Theme issue: Shifting perspectives in the study of shari' a courts: Methodologies and paradigms: Introduction

Iris Agmon, Ido Shahar

Research output: Contribution to journalReview articlepeer-review

Abstract

In this essay, we aim at placing the articles included in this theme issue in the wider context of the field by examining two general questions: First, why has the shari'a court and its associated socio-legal arena received little scholarly attention until the 1990s? Second, why has this situation changed in the last decade? Until recently, most scholars working in Islamic legal history, social history and legal anthropology were hardly interested in the courts and their legal practices. We argue that this omission was caused by the academic traditions that shaped these three sub-disciplines and that established a division of labor between and among them. In addition, we argue that the recent spike in interest in shari'a courts in all three sub-disciplines is a result of internal criticism within each field and of broad methodological and epistemological changes in the humanities and social sciences.

Original languageEnglish
Pages (from-to)1-19
Number of pages19
JournalIslamic Law and Society
Volume15
Issue number1
DOIs
StatePublished - 1 Feb 2008
Externally publishedYes

Bibliographical note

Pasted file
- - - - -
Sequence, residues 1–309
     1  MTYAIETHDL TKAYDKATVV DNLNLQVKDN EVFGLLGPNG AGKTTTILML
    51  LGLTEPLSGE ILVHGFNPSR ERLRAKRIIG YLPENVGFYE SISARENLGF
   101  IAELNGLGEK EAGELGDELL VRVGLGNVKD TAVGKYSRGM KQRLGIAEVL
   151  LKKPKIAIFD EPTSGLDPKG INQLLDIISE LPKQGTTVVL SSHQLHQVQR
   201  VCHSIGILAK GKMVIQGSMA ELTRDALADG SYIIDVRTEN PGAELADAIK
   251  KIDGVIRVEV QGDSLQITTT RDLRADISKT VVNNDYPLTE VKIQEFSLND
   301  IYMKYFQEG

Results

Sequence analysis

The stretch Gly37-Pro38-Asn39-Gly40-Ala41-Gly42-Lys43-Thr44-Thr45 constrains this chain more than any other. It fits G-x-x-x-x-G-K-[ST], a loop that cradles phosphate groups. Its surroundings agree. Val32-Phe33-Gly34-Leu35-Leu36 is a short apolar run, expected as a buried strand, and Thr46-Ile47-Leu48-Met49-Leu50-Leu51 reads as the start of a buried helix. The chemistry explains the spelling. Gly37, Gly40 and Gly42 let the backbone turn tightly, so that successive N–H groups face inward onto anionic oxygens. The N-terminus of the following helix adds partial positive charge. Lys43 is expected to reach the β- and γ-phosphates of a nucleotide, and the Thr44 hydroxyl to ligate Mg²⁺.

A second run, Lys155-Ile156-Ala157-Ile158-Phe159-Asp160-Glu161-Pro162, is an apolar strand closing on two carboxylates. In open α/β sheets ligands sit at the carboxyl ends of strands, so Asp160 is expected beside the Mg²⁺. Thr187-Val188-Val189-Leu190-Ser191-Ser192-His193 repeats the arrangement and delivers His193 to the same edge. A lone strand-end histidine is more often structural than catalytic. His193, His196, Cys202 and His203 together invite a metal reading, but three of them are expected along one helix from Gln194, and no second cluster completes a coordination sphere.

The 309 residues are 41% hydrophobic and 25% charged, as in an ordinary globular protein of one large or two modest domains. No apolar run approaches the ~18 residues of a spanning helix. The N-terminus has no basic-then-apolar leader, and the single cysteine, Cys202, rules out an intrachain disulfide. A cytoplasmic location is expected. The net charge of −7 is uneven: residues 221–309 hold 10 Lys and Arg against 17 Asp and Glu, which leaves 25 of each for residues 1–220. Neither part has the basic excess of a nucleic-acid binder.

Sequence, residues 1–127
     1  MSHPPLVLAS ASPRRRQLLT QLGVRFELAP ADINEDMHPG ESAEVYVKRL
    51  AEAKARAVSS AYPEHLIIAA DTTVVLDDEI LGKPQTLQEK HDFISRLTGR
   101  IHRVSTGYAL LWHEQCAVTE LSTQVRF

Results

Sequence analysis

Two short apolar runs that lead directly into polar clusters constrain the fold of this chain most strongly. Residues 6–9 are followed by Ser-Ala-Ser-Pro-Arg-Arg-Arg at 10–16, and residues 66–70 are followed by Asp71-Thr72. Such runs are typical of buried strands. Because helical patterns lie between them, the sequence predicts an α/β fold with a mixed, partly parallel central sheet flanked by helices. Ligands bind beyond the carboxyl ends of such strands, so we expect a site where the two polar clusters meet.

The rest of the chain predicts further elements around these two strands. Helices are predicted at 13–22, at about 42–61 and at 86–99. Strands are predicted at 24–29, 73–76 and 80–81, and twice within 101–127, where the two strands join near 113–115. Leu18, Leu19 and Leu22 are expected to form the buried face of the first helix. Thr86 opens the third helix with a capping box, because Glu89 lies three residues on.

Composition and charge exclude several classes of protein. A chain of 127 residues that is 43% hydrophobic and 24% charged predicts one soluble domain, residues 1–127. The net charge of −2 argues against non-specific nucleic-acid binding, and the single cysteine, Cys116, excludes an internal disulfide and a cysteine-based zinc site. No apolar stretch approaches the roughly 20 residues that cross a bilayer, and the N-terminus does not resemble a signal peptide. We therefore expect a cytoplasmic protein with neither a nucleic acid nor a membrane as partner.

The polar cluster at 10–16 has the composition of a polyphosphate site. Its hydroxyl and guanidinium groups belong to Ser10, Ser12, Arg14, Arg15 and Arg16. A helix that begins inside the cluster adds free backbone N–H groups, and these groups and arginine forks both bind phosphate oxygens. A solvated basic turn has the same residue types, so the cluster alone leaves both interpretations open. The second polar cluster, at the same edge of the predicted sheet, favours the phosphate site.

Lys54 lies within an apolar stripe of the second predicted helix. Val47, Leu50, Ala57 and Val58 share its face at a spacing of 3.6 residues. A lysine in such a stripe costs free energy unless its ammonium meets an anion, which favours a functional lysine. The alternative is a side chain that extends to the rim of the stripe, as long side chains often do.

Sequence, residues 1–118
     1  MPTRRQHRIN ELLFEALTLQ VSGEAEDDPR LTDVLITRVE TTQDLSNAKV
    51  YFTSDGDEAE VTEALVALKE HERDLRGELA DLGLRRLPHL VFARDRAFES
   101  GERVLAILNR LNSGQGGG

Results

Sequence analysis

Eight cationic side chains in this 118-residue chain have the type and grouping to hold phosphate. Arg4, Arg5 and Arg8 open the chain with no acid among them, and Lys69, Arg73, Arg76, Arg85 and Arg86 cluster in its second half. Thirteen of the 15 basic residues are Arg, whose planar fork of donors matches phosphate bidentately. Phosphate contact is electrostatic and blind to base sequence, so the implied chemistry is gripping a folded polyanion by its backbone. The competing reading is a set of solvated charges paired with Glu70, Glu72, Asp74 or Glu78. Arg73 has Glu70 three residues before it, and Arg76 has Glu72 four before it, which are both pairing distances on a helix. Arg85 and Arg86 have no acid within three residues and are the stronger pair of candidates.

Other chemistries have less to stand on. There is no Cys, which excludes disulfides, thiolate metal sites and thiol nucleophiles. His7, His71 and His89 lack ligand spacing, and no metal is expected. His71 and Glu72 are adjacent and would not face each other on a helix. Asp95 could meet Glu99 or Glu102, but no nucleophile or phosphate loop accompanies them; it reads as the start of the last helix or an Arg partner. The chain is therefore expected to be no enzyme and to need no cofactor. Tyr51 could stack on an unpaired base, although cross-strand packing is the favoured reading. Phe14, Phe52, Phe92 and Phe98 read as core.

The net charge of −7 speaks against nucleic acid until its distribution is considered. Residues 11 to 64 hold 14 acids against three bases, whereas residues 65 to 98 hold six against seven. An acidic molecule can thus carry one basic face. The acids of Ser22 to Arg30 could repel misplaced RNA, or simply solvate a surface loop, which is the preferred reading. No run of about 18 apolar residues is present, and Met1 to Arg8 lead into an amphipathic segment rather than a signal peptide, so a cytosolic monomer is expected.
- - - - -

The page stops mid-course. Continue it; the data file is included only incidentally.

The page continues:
Funding Information:
Although the workshop was designed to encompass all courts of law in Muslim societies, most of the contributions dealt with shariʿa courts. Of the eighteen papers presented at the workshop, twelve focused on past and present shariʿa courts; one dealt with the Ottoman Nizamiye courts; another with contemporary civil courts in Istanbul; and four focused on legal notions or research methodologies rather than specific courts. e workshop was supported by the Helene Soref Foundation and by the Faculty of Humanities and Social Sciences, Ben Gurion University of the Negev. See http://web2.bgu.ac.il/MidEast/workshop/ main.asp?page=previous_workshops

Keywords

  • Historiography
  • Legal anthropology
  • Legal history
  • Methodology
  • Shari'a courts
  • Sijill
  • Social history

ASJC Scopus subject areas

  • Sociology and Political Science
  • Law

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